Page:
- The Washington Times - Wednesday, May 14, 2014

Visiting a bridge construction project in New York state, President Obama blasted congressional Republicans Wednesday for blocking his $302 billion plan to repair the country’s transportation system.

“If they don’t act by the end of the summer, federal funding for transportation projects will run out,” Mr. Obama said of House Republicans. “The cupboard will be bare.”

The visit highlighted the sharpening partisan tone of the infrastructure debate, with Mr. Obama and his GOP opponents both accusing the other of blocking vital national needs.

The president accused Republican lawmakers of hypocrisy, saying “Usually they show up at ribbon cuttings for projects that they refuse to fund.”

“They’re more interested in saying ‘no’ because they’re worried that maybe they’d have to be at a bill signing with me,” said the president, with the Tappan Zee Bridge over the Hudson River in the background. “We’ve gotten so partisan, everything is becoming political.”

Republicans counter that it is the president who is stalling on needed infrastructure projects, such as the Keystone XL oil pipeline, that would create thousands of jobs. They also said he wasted billions of taxpayer dollars on projects in the $800 billion-plus 2009 stimulus bill that could have been used for road and bridge repairs.

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“President Obama is a day late and a dollar short on his proposal to meet the infrastructure needs of America,” said Rep. Ed Whitfield, Kentucky Republican and chair of the House Energy and Commerce subcommittee on energy and power issues. “His stimulus wasted billions of taxpayer dollars on speculative green energy projects while shovel-ready private infrastructure projects were kicked to the sidelines.”

The administration wants to pay for half of the four-year highway bill with revenues from the 18.4-cent fuel tax on every gallon of gas, as well as a tax of 24.4 cents per gallon for diesel fuel. The rest would be paid for by closing corporate tax loopholes.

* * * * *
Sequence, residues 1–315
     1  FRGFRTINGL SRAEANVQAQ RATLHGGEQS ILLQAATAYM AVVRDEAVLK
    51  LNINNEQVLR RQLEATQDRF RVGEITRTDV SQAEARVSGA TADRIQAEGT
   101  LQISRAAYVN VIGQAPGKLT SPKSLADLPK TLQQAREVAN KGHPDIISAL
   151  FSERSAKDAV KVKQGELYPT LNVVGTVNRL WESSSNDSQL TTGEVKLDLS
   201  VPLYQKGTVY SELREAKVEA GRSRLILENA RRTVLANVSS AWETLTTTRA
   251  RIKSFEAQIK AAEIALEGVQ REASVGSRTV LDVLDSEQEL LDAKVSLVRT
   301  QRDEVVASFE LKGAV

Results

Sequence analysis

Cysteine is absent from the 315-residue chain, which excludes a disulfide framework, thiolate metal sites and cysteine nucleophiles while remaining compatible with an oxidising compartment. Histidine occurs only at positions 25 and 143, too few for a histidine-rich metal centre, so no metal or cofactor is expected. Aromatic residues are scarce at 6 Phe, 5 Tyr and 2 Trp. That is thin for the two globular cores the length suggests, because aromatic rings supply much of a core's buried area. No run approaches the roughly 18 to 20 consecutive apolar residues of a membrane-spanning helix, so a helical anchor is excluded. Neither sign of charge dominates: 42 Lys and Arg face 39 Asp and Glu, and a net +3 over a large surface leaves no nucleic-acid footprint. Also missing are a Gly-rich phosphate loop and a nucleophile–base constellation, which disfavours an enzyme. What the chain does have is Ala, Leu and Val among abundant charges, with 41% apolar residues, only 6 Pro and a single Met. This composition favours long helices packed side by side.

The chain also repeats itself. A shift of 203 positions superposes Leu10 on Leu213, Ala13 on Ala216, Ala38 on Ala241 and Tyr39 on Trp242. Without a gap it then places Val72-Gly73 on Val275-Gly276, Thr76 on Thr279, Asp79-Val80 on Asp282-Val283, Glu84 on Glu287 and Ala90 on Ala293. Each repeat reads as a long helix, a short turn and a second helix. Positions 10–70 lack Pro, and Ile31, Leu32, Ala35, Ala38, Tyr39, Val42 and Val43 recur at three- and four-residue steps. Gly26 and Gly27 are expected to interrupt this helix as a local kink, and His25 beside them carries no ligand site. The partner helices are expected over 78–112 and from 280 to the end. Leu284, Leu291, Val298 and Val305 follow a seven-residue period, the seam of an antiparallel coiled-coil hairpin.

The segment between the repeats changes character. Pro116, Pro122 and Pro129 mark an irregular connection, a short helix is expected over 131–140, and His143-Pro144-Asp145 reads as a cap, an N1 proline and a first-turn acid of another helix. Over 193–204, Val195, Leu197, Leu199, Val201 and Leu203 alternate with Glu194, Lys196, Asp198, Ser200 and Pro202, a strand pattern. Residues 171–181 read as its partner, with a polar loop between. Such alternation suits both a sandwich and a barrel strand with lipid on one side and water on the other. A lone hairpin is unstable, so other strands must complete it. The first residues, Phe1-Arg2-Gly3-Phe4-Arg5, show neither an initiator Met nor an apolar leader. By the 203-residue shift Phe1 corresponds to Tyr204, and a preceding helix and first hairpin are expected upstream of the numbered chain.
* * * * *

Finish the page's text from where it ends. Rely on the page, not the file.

Congress is more likely to pass a short-term, temporary measure to tide the government over until after the midterm elections in November.

The Tappan Zee Bridge, built in 1955, is being rebuilt at a cost of $3.9 billion. The Obama administration approved a $1.6 billion federal loan for the project and fast-tracked environmental reviews.

New York Democratic Gov. Andrew Cuomo called the project “a bridge from gridlock to bipartisanship.”

The president defended the 2009 economic recovery law, saying it paid for “the most important public works projects since the New Deal.” He said it paid for repairs to 20,000 bridges nationwide and 350,000 miles of roads.

But Mr. Obama said more needs to be done to improve America’s transportation infrastructure, including new investments in mass transit. He said one survey has rated the U.S. as 19th in world in the quality of its infrastructure.

“I don’t know about you, but I don’t like America being 19th. I want us to be first,” Mr. Obama said.

The president also announced that he’s taking executive action to speed up approval of permits for public works projects. He said his administration approved environmental permits for the new Tappan Zee Bridge in 18 months, a process that he said would have otherwise taken at least three years.

Sen. Rob Portman, Ohio Republican, said executive action to reform the federal permit process is “a step in the right direction,” but added that legislation is needed to increase certainty in the system. He is sponsoring a bill to do just that, he said.

House Republicans said the White House has not supported any legislation that would improve permitting of job-creating infrastructure projects, citing four recent House-passed bills to streamline energy projects that have stalled in the Democratic-led Senate.

Senate Minority Leader Mitch McConnell chided the president for the long delays in making a decision on the massive Canada-to-Texas Keystone pipeline project, despite pressure even from fellow Democrats to act.

“It’s a real challenge to listen to the president talk about reforming the permitting system when he’s been sitting on the permit for the country’s largest shovel-ready infrastructure program,” the Kentucky Republican said.

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